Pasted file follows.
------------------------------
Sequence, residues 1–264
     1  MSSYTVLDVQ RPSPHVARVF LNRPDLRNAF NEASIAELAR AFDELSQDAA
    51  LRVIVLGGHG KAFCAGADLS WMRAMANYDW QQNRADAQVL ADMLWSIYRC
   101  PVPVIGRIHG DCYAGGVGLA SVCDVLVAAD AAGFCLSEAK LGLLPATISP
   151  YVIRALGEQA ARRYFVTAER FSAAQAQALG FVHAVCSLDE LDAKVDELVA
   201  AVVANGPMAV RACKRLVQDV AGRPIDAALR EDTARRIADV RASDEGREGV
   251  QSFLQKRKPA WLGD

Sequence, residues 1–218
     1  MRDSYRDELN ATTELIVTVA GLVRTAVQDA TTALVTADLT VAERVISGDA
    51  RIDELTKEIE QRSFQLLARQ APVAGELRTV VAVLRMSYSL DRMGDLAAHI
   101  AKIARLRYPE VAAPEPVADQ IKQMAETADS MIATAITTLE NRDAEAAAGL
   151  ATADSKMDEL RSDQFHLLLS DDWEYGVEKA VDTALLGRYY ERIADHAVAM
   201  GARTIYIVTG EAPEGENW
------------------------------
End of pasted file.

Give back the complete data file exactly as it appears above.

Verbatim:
Sequence, residues 1–264
     1  MSSYTVLDVQ RPSPHVARVF LNRPDLRNAF NEASIAELAR AFDELSQDAA
    51  LRVIVLGGHG KAFCAGADLS WMRAMANYDW QQNRADAQVL ADMLWSIYRC
   101  PVPVIGRIHG DCYAGGVGLA SVCDVLVAAD AAGFCLSEAK LGLLPATISP
   151  YVIRALGEQA ARRYFVTAER FSAAQAQALG FVHAVCSLDE LDAKVDELVA
   201  AVVANGPMAV RACKRLVQDV AGRPIDAALR EDTARRIADV RASDEGREGV
   251  QSFLQKRKPA WLGD

Sequence, residues 1–218
     1  MRDSYRDELN ATTELIVTVA GLVRTAVQDA TTALVTADLT VAERVISGDA
    51  RIDELTKEIE QRSFQLLARQ APVAGELRTV VAVLRMSYSL DRMGDLAAHI
   101  AKIARLRYPE VAAPEPVADQ IKQMAETADS MIATAITTLE NRDAEAAAGL
   151  ATADSKMDEL RSDQFHLLLS DDWEYGVEKA VDTALLGRYY ERIADHAVAM
   201  GARTIYIVTG EAPEGENW